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Ismael’s Ghosts – Film Review

Ismael’s Ghosts – Film Review by Frank L.

Director: Arnaud Desplechin
Writers: Arnaud Desplechin (scenario & dialogue), Julie Peyr (scenario & dialogue)
Stars: Mathieu Amalric, Marion Cotillard, Charlotte Gainsbourg

Mathieu Amalric plays the part of Ismael Vuillard, a film director of mature years, who is in the process of making a new film. As the film contains characters with names such as Ivan Dedalus (Louis Garrel) and Henri Bloom it is to be assumed that it had something to do with  James Joyce’s “Ulysses” but Desplechin chooses not to reveal in any obvious way what the connection might be. This may not be surprising given that Ismael’s first wife, one Carlotta Bloom (Marion Cotillard) who had been thought to be dead for twenty one years or more suddenly re-appears. He knows the precise number of days which is surprising given that he had been apparently happily hitched to Sylvia (Charlotte Gainsbourg) for some time. Carlotta chooses to make her second coming in society to Sylvia rather than Ismael.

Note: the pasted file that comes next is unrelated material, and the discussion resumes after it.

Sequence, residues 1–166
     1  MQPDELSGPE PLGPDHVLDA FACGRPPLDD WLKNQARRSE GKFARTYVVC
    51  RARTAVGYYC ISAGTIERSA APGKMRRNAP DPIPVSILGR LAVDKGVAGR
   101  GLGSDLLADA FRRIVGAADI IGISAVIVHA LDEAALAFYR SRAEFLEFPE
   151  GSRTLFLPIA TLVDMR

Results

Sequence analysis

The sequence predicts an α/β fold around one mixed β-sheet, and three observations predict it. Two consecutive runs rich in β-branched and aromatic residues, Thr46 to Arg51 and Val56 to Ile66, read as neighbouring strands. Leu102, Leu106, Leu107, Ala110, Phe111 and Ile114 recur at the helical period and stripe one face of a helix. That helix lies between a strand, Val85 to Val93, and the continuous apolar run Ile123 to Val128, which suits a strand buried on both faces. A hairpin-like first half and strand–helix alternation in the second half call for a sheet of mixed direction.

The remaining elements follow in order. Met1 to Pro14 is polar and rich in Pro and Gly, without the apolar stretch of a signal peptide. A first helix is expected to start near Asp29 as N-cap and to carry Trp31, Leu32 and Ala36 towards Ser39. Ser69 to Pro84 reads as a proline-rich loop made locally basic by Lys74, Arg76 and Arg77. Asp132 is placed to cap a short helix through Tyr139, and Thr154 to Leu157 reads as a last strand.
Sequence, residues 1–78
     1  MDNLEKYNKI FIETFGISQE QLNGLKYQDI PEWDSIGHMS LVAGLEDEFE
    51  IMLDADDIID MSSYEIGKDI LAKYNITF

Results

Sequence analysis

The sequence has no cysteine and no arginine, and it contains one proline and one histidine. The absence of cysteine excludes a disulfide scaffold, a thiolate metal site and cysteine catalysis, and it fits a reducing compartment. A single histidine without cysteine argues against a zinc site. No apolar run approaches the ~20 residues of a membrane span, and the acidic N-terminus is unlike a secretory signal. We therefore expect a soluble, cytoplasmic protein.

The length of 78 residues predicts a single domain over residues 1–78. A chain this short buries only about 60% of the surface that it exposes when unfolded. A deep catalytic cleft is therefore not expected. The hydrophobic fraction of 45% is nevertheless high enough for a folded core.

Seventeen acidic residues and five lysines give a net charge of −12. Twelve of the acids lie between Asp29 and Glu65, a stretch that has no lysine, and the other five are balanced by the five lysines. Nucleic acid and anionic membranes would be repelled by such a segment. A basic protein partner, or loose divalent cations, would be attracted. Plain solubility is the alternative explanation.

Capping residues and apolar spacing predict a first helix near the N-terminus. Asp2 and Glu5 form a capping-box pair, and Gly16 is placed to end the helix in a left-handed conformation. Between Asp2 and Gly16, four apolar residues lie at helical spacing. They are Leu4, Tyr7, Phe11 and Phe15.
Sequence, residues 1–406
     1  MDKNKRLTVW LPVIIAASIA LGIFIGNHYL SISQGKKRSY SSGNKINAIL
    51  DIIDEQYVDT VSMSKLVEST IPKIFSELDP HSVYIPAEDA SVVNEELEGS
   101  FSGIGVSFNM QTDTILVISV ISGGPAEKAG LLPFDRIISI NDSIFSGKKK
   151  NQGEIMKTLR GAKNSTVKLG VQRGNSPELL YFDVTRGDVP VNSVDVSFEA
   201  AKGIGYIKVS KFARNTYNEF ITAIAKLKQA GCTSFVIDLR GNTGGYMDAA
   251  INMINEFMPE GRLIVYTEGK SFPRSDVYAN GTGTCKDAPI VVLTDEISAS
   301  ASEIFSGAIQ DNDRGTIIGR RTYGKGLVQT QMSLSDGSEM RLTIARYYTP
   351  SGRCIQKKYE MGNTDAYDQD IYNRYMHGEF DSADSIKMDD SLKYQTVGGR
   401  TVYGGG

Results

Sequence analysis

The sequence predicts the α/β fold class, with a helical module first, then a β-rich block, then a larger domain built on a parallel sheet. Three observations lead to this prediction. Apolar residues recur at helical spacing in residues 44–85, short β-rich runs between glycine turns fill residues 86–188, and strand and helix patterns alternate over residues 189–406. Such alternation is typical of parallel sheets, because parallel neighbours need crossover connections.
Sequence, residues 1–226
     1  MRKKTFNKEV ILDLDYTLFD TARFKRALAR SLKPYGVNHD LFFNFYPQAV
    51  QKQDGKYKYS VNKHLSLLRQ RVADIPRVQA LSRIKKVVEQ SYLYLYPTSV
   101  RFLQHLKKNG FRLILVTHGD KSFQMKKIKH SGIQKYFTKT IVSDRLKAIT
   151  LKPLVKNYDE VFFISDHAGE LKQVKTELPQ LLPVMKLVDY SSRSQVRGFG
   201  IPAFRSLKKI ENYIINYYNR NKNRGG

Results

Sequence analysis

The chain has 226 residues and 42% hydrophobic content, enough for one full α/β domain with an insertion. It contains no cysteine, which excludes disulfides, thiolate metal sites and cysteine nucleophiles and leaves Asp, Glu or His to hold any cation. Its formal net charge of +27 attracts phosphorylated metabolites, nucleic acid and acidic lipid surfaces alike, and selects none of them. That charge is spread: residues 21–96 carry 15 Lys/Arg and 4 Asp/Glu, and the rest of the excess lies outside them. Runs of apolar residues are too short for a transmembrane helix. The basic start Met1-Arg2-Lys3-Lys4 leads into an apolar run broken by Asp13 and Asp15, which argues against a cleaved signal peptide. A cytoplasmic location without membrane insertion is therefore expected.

So there is a film within a film with some sort of Joycean theme interleaved with Ismael’s own life which is imploding around him as what had happened twenty years earlier comes back to haunt him. His own sense of reality, which was probably under strain before these events occurred, becomes entirely overwrought and he enters a world which appears to be very far from rational. It is not easy to discern what Desplechin, who is a part writer of the script, is trying to achieve as he weaves this morass of unwieldy facts and fears into an unconvincing whole.

Cotillard and Gainsbourg are impressive playing their unlikely parts but Amalric is almost a caricature of what an amorous film director is meant to be. However, the fine acting of the two female leads cannot redeem the chaos of the plot. The whole film lasts just under two hours. There was a sense of relief when it finally come to an end, but also a sadness for those lost hours that can never be retrieved.

 

 

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Categories: Header, Movie Review, Movies

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